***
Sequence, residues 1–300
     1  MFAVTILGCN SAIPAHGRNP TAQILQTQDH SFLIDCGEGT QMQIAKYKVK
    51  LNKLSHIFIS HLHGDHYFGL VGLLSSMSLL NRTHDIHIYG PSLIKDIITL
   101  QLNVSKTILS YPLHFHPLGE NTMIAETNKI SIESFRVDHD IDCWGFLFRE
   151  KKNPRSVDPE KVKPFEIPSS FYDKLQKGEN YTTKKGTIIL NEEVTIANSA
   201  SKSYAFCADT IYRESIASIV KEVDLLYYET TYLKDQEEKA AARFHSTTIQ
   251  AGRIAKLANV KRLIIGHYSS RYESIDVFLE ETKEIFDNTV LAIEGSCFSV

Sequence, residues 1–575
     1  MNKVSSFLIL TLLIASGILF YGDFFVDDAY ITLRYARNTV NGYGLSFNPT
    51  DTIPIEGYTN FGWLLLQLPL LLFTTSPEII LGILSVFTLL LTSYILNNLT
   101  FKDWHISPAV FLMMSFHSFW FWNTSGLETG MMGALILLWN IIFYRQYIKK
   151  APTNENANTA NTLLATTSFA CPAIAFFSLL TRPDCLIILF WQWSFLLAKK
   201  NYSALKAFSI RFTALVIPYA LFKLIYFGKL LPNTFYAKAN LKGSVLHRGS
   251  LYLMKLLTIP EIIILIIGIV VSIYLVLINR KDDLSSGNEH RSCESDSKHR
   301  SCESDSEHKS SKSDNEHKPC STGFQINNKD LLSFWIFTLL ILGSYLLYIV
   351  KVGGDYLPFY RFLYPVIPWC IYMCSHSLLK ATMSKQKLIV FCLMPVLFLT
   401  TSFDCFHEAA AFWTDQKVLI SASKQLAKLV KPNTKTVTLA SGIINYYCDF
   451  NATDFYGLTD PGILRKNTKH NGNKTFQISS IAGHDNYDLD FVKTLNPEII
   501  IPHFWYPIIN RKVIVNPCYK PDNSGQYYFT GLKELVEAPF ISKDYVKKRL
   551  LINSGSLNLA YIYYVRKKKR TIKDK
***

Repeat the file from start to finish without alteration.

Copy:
Sequence, residues 1–300
     1  MFAVTILGCN SAIPAHGRNP TAQILQTQDH SFLIDCGEGT QMQIAKYKVK
    51  LNKLSHIFIS HLHGDHYFGL VGLLSSMSLL NRTHDIHIYG PSLIKDIITL
   101  QLNVSKTILS YPLHFHPLGE NTMIAETNKI SIESFRVDHD IDCWGFLFRE
   151  KKNPRSVDPE KVKPFEIPSS FYDKLQKGEN YTTKKGTIIL NEEVTIANSA
   201  SKSYAFCADT IYRESIASIV KEVDLLYYET TYLKDQEEKA AARFHSTTIQ
   251  AGRIAKLANV KRLIIGHYSS RYESIDVFLE ETKEIFDNTV LAIEGSCFSV

Sequence, residues 1–575
     1  MNKVSSFLIL TLLIASGILF YGDFFVDDAY ITLRYARNTV NGYGLSFNPT
    51  DTIPIEGYTN FGWLLLQLPL LLFTTSPEII LGILSVFTLL LTSYILNNLT
   101  FKDWHISPAV FLMMSFHSFW FWNTSGLETG MMGALILLWN IIFYRQYIKK
   151  APTNENANTA NTLLATTSFA CPAIAFFSLL TRPDCLIILF WQWSFLLAKK
   201  NYSALKAFSI RFTALVIPYA LFKLIYFGKL LPNTFYAKAN LKGSVLHRGS
   251  LYLMKLLTIP EIIILIIGIV VSIYLVLINR KDDLSSGNEH RSCESDSKHR
   301  SCESDSEHKS SKSDNEHKPC STGFQINNKD LLSFWIFTLL ILGSYLLYIV
   351  KVGGDYLPFY RFLYPVIPWC IYMCSHSLLK ATMSKQKLIV FCLMPVLFLT
   401  TSFDCFHEAA AFWTDQKVLI SASKQLAKLV KPNTKTVTLA SGIINYYCDF
   451  NATDFYGLTD PGILRKNTKH NGNKTFQISS IAGHDNYDLD FVKTLNPEII
   501  IPHFWYPIIN RKVIVNPCYK PDNSGQYYFT GLKELVEAPF ISKDYVKKRL
   551  LINSGSLNLA YIYYVRKKKR TIKDK